Fire and melody: SJU junior Carter Scheele follows diverse paths

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October 22, 2019

By Frank Rajkowski

Carter Scheele fighting fire
Carter Scheele

Carter Scheele has never been one to confine himself to a singular set of interests or activities.

Rather, the Saint John’s University junior has always been motivated to follow concurrent, but diverse paths.

And in Collegeville, he has found a place where his respective trails can converge.

“This is a very welcoming place,” the St. Cloud native said. “All the people here are extremely friendly and kind. I’ve felt very supported in everything I’ve done and that means a lot to me.”

Scheele has done a lot – both on and away from campus. He is a double major in environmental studies and music – both areas of focus that have been important parts of his life since he was a child.

He plays viola in the CSB/SJU orchestra, and is also a member of the St. Cloud Symphony and the Amadeus Chamber Symphony which rehearses at Saint John’s under the direction of CSB/SJU music professor Axel Theimer.

But his passion for the outdoors has also led him to a position with the U.S. Forest Service, where for the past three summers he has been on the ground in various states in the western U.S. fighting forest fires.

“I’m part of a 20-person crew,” said Scheele, who spent this past summer in Oregon and Washington. “And we work directly on the fire’s edge. What we do varies depending on where we are and what tools we have to use.

“But we do things like using a chainsaw or other hand-tools to create firebreaks. Essentially, our job is to engage the fire on the ground so that aircraft can fight it from above.”

Amazingly, his resume does not stop there. At Saint John’s, he is also a member of the Nordic ski club team and is involved in the Peer Resource Program.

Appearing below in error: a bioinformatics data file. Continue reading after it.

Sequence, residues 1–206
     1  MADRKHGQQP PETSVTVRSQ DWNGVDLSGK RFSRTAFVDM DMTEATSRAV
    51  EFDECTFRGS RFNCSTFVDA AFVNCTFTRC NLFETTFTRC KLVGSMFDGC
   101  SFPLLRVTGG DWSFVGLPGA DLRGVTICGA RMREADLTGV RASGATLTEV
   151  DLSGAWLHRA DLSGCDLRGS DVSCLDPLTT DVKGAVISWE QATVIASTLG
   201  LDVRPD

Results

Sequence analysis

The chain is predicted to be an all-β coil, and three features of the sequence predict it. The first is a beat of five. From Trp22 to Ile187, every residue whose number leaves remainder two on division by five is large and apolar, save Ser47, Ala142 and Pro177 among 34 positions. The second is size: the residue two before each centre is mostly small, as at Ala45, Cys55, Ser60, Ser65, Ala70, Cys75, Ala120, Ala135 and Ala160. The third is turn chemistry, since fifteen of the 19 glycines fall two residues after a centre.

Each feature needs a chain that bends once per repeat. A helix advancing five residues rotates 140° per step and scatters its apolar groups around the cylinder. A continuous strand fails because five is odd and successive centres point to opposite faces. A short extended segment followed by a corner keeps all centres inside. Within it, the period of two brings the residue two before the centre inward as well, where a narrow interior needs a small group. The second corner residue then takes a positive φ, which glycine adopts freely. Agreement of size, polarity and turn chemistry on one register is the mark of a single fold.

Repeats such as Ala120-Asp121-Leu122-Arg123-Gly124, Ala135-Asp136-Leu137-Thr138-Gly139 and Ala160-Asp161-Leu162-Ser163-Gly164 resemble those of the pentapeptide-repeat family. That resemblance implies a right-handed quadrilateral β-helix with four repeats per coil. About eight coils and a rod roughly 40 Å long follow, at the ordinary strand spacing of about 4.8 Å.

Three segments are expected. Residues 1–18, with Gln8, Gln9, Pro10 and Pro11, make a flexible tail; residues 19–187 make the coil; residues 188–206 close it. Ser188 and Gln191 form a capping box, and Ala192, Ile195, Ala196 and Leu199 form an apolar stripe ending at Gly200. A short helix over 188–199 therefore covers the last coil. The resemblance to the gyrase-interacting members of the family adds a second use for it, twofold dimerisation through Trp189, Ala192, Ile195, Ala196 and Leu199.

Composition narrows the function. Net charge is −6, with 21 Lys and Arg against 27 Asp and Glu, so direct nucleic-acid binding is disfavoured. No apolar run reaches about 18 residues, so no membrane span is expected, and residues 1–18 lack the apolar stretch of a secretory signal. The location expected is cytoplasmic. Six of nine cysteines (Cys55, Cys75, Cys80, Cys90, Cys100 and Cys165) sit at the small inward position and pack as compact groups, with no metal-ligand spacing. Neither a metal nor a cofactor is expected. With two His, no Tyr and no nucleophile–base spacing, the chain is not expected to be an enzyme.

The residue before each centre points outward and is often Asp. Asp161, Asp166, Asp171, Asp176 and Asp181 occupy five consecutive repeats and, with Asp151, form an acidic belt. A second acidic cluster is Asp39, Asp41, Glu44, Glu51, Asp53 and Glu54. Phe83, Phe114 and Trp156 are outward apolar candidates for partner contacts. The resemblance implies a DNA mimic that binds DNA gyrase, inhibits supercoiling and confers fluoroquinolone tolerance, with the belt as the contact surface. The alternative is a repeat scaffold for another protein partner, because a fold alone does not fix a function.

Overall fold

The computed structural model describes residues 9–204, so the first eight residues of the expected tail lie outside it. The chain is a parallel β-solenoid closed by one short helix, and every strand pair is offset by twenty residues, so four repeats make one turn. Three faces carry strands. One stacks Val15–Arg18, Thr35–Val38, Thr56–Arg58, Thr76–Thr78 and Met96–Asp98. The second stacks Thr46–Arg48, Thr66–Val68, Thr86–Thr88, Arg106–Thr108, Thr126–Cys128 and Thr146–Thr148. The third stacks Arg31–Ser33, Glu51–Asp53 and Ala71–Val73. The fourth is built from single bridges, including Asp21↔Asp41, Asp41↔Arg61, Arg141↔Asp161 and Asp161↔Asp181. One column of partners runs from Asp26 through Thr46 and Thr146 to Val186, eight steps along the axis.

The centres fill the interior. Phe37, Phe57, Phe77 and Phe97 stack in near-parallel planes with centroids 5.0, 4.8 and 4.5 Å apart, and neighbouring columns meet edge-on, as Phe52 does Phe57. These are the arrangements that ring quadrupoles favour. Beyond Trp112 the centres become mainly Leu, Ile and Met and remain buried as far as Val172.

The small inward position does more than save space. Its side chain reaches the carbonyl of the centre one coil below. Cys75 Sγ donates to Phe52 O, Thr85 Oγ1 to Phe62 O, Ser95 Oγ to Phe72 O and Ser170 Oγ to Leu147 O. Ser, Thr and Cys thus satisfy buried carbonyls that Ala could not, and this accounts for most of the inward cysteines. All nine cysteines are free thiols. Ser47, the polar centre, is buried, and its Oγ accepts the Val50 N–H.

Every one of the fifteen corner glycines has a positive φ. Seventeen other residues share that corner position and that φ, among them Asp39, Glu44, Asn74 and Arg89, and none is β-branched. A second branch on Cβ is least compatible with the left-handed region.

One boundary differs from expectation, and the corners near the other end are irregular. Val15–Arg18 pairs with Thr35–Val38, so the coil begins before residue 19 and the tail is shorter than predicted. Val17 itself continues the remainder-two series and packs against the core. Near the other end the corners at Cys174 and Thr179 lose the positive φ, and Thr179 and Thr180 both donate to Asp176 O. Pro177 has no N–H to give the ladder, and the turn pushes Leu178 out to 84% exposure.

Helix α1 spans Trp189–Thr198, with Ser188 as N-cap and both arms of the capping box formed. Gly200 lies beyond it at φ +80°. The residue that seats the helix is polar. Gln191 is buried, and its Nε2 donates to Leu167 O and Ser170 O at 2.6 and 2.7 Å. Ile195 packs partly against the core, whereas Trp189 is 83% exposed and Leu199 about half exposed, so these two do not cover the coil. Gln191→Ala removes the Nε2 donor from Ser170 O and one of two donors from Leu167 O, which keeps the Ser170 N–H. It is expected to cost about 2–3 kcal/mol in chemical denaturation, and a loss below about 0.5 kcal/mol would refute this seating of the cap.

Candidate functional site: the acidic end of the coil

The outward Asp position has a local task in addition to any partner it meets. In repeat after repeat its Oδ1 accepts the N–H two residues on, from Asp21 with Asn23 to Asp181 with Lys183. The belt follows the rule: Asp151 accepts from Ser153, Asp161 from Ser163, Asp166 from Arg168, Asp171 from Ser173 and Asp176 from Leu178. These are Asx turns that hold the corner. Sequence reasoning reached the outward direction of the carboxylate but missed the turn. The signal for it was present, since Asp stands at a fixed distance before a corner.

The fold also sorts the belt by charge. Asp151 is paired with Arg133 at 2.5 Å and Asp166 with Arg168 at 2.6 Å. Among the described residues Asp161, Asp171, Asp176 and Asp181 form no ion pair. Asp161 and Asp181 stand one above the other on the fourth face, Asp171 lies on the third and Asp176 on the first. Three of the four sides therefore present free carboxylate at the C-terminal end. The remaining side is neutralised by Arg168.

Previously, he has also served as a member of the campus fire department.

But so much of that would not have been possible if not for scholarships.

Through Saint John’s, he’s been awarded the Bailey Environmental Studies Endowed Scholarship, the Dean’s Scholarship, a Saint John’s Grant and a Music Scholarship. He’s also received an outside scholarship from the Central Minnesota Arts Board.

“Were it not for scholarships and financial aid, I would not have been able to attend Saint John’s,” said Scheele, who was home-schooled through his senior year of high school.

“And I would have missed being part of this sense of community, and belonging to a really unique and high-quality place.”

Faculty members who have worked with him during his time on campus say Saint John’s would be poorer without his presence.

“The mix of experience and maturity he brings is really impressive,” said Derek Larson, the chair of the Environmental Studies Department at CSB/SJU.

“He’s so disciplined. He’s involved in many things that are very demanding. But he’s able to find time for it all, and that’s really a testament to his passion and work-ethic.”

“Carter is a remarkable student and a remarkable human being,” said David Arnott, the chair of the Music Department at Saint John’s and Saint Benedict, who gave lessons to Scheele in high school and helped recruit him to SJU.

“He is socially conscious, dedicated to making the Earth a better place, adept at creating beauty through music and is able to keep mind, body and spirit humming along in total harmony.

“He is able to balance his variety of interests by being extremely organized and aware of what he intends to accomplish. He multitasks well and juggles well enough to bring every project he begins to a logical and successful conclusion.

“Carter is exactly the kind of Johnnie all should strive to be.”

Scheele took a year between high school and enrolling at Saint John’s to serve a term with the Conservation Corps of Minnesota and Iowa. That, in turn, helped lead to his present role with the forest service.

After graduation, he hopes to continue working in environmental/outdoor leadership in some capacity.

Though he said music will always play a key role in his life as well.

“My life would be less fulfilled if I didn’t have both sides of me,” he said.

“At the end of the day, and at the end of the year, I need both in my life to be happy.”